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By Mike Ebert
ALPHARETTA, Ga. –
Austin Coleman doesn’t have to think long when asked how a summer in New York
City as a North American Mission Board student missionary impacted him.
“It changed the
direction of my life,” the Liberty Baptist Theological Seminary student says.
Coleman was part
of a group of students who served last summer with NAMB’s Generation Send–a
10-week internship designed to immerse young people in ministry, missions and
church planting in an urban context.
“It opened my
eyes,” Coleman said. “I have felt a call to church planting for years, but not
until I got to New York did I sense an urgency to that.”
This year, NAMB
is celebrating the large number of young people who want to serve as student
missionaries. The student missionary program has seen explosive growth since
NAMB gave the program a top-to-bottom redesign in 2012.
In 2010 NAMB
placed about 600 student missionaries on the field. By 2012—the year NAMB
redesigned the role—that number had grown to more than 1,100. In 2013 more than
1,200 students participated. So far this year 2,000 students have been approved
has been remarkable,” said NAMB president Kevin Ezell. “It is so encouraging to
see so many students who want to serve. But the challenge is our funds are
finite, and we have reached our maximum budget for 2014.”
NAMB planned and
budgeted for 2,000 student missionaries for 2014, and all of those budgeted
spots have been filled. NAMB will begin considering new applications at the
beginning of its fiscal year in October.
The redesigned student
missionary role makes it more purposeful and geared toward training students
for future ministry service. Student missionaries are now directly connected
with NAMB’s Send North America strategy, which emphasizes church planting in,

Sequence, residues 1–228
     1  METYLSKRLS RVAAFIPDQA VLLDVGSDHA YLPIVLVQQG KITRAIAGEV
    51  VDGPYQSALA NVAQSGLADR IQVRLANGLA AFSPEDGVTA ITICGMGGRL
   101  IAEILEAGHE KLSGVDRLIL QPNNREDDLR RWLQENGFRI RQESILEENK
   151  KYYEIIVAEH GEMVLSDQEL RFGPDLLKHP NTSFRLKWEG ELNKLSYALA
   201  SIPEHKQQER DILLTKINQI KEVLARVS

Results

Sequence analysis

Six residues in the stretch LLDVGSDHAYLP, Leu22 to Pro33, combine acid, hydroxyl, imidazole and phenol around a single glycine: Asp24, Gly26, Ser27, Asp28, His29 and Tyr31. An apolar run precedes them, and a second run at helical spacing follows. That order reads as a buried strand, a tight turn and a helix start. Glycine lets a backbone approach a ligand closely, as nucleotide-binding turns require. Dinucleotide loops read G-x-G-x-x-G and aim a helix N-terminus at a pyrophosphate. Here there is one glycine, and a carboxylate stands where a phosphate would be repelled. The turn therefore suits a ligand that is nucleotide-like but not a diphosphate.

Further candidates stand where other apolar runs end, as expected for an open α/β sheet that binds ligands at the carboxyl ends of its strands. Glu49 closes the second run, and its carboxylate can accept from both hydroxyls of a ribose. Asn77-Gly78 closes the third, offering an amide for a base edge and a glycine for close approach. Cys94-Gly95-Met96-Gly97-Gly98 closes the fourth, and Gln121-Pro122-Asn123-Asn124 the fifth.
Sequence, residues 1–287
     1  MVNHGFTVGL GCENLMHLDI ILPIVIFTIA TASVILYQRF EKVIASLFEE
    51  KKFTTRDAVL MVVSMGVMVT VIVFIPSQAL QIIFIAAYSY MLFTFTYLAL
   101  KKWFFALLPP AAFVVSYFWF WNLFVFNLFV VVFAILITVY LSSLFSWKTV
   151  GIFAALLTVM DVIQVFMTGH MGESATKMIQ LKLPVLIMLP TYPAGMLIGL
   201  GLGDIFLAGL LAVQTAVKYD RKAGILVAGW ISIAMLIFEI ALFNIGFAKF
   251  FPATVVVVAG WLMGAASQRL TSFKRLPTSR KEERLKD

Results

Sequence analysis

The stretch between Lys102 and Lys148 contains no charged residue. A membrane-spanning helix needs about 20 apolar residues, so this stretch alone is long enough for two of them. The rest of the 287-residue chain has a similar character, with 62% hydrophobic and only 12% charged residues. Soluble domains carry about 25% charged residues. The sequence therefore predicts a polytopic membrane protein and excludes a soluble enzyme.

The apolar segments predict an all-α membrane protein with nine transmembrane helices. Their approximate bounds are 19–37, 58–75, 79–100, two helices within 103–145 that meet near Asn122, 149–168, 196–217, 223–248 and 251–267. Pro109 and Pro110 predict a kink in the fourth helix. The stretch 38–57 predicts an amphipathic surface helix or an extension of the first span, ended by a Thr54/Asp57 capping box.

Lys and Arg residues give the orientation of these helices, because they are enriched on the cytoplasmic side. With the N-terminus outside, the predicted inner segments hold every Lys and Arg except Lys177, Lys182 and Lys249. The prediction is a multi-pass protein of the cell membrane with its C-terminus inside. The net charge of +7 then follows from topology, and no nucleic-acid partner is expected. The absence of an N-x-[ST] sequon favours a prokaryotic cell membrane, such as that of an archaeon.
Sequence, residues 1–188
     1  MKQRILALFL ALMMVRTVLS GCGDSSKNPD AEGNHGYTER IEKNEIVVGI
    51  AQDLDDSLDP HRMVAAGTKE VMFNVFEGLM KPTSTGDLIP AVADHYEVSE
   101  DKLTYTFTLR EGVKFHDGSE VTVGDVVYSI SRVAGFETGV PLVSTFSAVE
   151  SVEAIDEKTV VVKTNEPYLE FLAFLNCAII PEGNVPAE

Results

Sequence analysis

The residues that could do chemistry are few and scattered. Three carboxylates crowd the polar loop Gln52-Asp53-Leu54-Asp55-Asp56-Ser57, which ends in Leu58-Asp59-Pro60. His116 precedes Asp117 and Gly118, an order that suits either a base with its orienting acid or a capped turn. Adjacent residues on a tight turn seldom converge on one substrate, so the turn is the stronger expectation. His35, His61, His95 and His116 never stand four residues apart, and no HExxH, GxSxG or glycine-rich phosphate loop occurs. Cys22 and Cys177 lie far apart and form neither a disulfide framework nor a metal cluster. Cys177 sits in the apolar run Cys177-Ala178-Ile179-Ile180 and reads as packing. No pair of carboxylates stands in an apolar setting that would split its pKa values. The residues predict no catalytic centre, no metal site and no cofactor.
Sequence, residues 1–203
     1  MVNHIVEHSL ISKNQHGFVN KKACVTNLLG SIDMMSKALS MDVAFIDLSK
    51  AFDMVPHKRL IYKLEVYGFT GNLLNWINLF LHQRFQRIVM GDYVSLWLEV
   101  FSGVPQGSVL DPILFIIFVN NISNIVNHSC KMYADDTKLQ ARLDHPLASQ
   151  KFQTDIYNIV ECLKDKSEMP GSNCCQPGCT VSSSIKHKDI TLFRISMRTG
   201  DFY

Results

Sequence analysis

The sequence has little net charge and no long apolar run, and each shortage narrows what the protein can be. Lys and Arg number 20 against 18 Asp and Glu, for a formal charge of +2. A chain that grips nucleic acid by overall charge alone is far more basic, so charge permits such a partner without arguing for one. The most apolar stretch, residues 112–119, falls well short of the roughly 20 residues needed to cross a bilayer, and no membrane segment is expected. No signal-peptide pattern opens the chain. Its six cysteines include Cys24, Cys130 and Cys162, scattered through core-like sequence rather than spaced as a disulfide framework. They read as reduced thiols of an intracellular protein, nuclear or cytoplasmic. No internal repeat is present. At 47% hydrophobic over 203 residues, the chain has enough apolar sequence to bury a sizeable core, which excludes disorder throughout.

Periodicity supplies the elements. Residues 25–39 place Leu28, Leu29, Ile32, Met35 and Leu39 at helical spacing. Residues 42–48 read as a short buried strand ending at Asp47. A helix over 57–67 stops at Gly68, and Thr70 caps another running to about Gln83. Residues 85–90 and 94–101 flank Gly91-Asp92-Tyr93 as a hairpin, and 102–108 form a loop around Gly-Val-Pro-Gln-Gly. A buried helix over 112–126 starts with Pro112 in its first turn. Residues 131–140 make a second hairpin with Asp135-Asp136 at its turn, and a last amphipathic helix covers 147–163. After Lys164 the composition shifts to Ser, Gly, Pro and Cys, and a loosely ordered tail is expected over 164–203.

or near, large cities.
missionaries are part of NAMB’s “Farm System,” which is designed to discover,
develop and deploy the next generation of Southern Baptist missionaries and
church leaders. To support its goal of helping Southern Baptists start 15,000
new churches over a 10-year period, NAMB is increasing efforts to recruit for
the Farm System.
“We need 1,500
new church planters each year, and many of them will have to come through the
Farm System,” Ezell said. “We want tomorrow’s missionaries to be the best we’ve
ever put on the field. That means we need to recruit the best, and they need to
be well trained and equipped.
missionaries are the beginning point of our process. If we can’t expand these
numbers it will put a lid on the number of church planters who will be
available to meet the goal of 15,000 new churches in 10 years,” Ezell said.
NAMB is able to
deploy student missionaries because of the sacrificial gifts Southern Baptists
give to the Cooperative Program and the Annie Armstrong Easter Offering®.
NAMB can send an additional 1,000 student missionaries for every $2.5 million more
given to the Annie Armstrong offering.
To learn more
about NAMB’s student missionary role, visit http://www.namb.net/mobilize-me.
Mike Ebert writes for the North American Mission
Date Created: 4/23/2014 1:02:33 PM
A Southern Baptist Convention entity supported by the Cooperative Program and the Annie Armstrong Easter Offering®© Copyright 2014 North American Mission Board, SBC